Fiber actually exists here in Lawrence already... and guess what company is providing it... Wicked Broadband. They've been testing paths and technology for several years and have an installed base here in Lawrence. So I'm not sure I understand where the innuendo in this editorial about Wicked not being able to deliver because they already are, right here in Lawrence. Furthermore, the infrastructure being proposed in Wicked's plan if far more flexible and robust than anything being offered nationally. Wicked is a local company that has proposed a plan that clearly has the communities best interest in mind. Ideas like true common carrier provisions combined with multiple fibers to each home make this a long term data infrastructure improvement the city will benefit from for many decades. It will also open the door for other carriers, like WOW or Google to provide competitive services to all homes through the common carrier fiber infrastructure being proposed by Wicked. Which means the city should see many additional companies offering fiber service because there won't be any infrastructure costs associated for competing broadband companies to provide service here in Lawrence and thus the barrier to entry will be very low. That's a game changer in an industry where monopolies are common place. It's possible many new local ISPs designed to service specific niche markets might spring up or even non-profit public service ISPs the Library could even offer their own digital service to each home using the fiber network Wicked has proposed. Overall, Wicked's proposal is unique, encourages competition and would place Lawrence at the epicenter of what could be a revolution in how digital content transits from the cloud into peoples homes. I encourage the City Council to be bold and try this out, it's going to be a huge win for Lawrence in both the near and long terms and we have a chance to prove to the country, Lawrence is open for business and not just a place you come to visit your kids going to KU and see a ball game.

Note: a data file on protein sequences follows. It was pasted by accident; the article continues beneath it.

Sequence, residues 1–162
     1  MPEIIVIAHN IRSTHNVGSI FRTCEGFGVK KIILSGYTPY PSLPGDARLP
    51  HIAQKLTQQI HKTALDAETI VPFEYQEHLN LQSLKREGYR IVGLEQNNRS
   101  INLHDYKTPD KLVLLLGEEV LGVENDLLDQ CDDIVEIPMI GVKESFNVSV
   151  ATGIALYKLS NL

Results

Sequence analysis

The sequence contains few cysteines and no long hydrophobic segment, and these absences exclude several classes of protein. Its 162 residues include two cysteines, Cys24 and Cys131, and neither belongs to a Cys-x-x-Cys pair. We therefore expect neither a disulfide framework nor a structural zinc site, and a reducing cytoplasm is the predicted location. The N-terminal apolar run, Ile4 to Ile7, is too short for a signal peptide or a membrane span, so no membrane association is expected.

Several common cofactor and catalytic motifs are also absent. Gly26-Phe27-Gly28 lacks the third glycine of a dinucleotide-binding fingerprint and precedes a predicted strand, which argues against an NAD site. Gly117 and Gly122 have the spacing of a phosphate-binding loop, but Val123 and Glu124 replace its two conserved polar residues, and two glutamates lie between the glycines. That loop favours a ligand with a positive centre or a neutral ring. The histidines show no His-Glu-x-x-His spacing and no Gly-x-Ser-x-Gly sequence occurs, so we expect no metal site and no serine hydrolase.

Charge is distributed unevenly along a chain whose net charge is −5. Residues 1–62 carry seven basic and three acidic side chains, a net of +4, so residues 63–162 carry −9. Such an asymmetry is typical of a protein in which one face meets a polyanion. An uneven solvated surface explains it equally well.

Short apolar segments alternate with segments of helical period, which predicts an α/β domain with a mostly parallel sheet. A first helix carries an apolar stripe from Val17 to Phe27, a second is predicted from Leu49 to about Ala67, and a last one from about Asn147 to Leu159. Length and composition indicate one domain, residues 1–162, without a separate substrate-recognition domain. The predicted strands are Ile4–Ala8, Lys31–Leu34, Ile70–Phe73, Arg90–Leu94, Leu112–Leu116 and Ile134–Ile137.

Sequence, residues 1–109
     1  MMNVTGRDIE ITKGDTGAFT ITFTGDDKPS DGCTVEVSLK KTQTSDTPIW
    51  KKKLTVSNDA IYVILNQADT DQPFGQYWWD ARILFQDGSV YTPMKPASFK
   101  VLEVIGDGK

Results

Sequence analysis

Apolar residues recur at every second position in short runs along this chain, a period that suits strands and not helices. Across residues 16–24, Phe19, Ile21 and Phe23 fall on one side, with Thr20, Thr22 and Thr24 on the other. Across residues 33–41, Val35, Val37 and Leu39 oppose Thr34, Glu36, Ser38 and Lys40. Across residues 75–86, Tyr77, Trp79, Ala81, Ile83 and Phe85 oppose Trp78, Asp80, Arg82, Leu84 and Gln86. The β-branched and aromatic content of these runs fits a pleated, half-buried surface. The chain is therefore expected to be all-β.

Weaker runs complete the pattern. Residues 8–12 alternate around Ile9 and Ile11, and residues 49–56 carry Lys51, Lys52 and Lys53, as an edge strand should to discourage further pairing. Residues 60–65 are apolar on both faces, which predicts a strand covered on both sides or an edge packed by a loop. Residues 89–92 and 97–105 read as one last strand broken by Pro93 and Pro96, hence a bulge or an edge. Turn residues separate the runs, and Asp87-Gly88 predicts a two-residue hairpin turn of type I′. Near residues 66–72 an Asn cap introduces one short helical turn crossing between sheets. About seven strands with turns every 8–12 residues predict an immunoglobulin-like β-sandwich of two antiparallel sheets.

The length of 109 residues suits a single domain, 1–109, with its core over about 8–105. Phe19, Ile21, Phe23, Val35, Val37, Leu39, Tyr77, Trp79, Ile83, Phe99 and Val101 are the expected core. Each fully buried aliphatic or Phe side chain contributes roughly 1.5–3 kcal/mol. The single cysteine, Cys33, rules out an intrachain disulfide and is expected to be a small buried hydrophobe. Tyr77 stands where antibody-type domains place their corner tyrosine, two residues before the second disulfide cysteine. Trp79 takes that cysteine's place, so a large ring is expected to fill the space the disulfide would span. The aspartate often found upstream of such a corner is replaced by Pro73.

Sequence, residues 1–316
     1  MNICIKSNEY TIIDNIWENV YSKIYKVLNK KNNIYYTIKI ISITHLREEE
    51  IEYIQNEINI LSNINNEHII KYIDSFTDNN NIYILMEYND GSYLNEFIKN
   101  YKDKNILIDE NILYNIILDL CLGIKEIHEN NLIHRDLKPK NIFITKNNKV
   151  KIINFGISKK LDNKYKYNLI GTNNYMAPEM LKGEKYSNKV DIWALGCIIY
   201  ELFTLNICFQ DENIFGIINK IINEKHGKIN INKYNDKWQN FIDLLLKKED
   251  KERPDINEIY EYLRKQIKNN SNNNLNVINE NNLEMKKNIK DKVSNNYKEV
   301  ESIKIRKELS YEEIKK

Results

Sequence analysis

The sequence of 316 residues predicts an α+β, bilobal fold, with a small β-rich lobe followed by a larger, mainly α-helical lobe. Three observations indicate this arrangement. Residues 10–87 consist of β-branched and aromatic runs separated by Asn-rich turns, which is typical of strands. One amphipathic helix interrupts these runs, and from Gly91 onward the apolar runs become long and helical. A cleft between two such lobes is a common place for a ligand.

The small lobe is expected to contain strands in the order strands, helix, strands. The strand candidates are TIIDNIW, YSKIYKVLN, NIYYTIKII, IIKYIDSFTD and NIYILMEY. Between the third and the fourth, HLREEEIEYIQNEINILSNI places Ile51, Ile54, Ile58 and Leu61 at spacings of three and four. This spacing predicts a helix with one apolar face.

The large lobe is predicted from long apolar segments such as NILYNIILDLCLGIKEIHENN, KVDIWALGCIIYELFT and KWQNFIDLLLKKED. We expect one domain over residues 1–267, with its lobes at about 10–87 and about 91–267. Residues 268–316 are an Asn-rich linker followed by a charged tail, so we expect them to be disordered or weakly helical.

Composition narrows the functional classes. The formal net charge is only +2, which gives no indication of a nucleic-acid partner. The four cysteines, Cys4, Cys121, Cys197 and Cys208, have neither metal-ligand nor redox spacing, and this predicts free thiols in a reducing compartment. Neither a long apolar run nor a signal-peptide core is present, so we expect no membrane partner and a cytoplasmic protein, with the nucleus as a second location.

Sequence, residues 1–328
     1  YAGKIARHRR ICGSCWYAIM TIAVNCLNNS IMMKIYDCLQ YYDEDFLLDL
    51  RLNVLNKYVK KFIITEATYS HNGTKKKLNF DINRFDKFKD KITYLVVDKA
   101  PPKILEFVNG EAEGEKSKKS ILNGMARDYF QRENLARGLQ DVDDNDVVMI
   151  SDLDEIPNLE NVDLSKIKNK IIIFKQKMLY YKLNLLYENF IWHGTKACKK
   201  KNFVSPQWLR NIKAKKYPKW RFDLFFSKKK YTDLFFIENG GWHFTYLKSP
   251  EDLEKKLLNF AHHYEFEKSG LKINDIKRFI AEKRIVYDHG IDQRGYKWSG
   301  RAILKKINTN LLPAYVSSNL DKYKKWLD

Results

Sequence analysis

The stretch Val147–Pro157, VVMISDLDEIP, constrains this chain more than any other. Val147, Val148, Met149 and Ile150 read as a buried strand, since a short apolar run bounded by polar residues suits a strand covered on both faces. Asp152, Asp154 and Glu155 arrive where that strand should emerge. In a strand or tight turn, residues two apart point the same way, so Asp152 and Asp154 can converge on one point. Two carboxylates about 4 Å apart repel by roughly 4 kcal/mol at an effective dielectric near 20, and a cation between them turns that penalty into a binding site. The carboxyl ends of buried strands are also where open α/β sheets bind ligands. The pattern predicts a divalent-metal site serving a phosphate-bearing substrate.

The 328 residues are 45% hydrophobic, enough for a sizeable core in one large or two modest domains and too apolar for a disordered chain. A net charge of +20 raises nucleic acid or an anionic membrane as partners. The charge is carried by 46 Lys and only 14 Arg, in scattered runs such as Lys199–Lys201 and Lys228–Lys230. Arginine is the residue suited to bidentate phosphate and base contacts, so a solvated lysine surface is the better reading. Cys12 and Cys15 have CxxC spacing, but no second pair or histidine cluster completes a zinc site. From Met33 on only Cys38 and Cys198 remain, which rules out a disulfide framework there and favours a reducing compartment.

June 2, 2014 at 12:09 a.m. ( | suggest removal )